Sunday, July 19, 2009

SQE compares tax-credit scholarships to failed Ont. policy

A commitment to a cause some times means what you lean on to support your position can't support their weight of your argument.
Take this post over at the SQE blog, School for Thought. It's largely based on this St. Petersburg Times article on tax-credit scholarships. From the blog:
For anyone who supported Ontario’s now defunct Education Tax Credit this St. Petersburg Times article will make you wish it still existed.
It seems to School For Thought that the cost of running such a program in Ontario would have been a lot less than the costs of implementing class size caps or ineffective reading programs that do not translate into significant achievement gains.
Um, well, I think SQE has compared an apple to an orange.
The Equity in Education Tax Credit, in place briefly in the last futile days of the Harris-Eves Conservative government, would have provided, at full rollout, a refundable tax credit of up to 50 per cent of private-school tuition to a max of $3,500 per year, per child. Anyone who had children registered in these schools could claim and receive the tax credit, regardless of family income, etc.
The Florida tax-credit scholarships are exactly that-- a scholarship given as a tax credit to families who send their children to private schools. With one big difference. From the article:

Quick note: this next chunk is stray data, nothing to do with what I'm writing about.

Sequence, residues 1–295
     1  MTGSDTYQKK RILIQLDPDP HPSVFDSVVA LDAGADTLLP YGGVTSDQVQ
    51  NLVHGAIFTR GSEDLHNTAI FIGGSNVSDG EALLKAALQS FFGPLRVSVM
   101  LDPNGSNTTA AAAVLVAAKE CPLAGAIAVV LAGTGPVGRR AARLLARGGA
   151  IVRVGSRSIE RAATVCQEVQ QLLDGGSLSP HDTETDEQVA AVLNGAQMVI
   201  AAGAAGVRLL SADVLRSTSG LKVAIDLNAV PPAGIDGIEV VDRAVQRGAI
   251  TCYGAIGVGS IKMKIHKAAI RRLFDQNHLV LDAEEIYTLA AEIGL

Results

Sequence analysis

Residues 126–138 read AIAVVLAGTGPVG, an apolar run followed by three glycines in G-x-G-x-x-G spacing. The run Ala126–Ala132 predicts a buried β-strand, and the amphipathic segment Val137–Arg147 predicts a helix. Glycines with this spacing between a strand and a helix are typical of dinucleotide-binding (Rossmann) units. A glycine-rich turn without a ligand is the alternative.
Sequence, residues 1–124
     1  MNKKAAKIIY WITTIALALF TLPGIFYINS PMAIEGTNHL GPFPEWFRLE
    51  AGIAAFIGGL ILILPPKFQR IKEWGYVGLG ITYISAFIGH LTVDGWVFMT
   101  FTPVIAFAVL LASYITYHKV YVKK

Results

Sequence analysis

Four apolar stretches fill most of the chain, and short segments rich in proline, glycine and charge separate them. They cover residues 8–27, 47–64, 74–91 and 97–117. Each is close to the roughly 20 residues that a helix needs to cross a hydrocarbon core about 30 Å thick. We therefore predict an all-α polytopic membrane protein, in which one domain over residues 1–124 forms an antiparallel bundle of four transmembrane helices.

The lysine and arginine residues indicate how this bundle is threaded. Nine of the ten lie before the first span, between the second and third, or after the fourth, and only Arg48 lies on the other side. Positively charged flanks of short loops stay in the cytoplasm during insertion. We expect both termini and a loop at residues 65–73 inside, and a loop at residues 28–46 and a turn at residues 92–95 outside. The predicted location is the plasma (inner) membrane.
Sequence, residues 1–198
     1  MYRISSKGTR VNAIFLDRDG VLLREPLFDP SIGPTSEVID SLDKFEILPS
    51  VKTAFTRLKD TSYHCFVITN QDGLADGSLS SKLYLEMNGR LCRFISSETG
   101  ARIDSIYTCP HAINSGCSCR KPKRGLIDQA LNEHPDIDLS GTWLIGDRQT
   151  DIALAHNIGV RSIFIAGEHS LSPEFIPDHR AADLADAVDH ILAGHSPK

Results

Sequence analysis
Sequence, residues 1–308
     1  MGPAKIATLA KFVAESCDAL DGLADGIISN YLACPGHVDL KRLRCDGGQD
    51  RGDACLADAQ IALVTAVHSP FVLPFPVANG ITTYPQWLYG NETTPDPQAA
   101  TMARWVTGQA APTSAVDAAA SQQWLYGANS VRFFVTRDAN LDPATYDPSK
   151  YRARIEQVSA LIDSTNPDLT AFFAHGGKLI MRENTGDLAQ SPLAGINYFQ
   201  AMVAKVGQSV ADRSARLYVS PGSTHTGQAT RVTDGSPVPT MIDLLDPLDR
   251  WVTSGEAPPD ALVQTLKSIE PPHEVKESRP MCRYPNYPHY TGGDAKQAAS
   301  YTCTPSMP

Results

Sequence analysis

In this expanding universe of options, the tax credit scholarship is aimed solely at low-income children.
Our scholarship parents pay on average $1,000 out of pocket to make up the difference between the tuition and the maximum $3,950 scholarship. This is remarkable given that their average income is $25,400 for a family of four. Two-thirds of the students are black or Hispanic, and three-fifths of them are from single-parent households.
So, this is not a shotgun approach that gives every family of private-school students a tax break. It's targeted and directed at those who would benefit the most.
The EETC was a desperate move by a government of the day that was desperate to avoid the thumping it surely knew was coming at the polls. The population it benefited most were the upper-middle- to upper-class families -- where most of the private-school support exists -- most likely to already be Tory supporters.
During the 2003 campaign, I covered a whistle-stop Eves campaign visit in Woodstock (the same day as the 'kitten eater' comment came out). With hundreds and hundreds of faith-based private school students in the district, students from one private school came to the rally to show their support for continuing the EETC. The one secular private school where attendance is all about the ability to pay.
It's clear the EETC is not anything like this Florida program-- they're a world apart.


Anonymous said...

Except, that many lower income families DID avail themselves of the Education Tax Credit which got yanked retroactively after they had already enrolled their kids.

The point is that the ETC gave lower income families a shot at school choice that they might never have had. ETC or not, wealthier families always had the option of private schooling.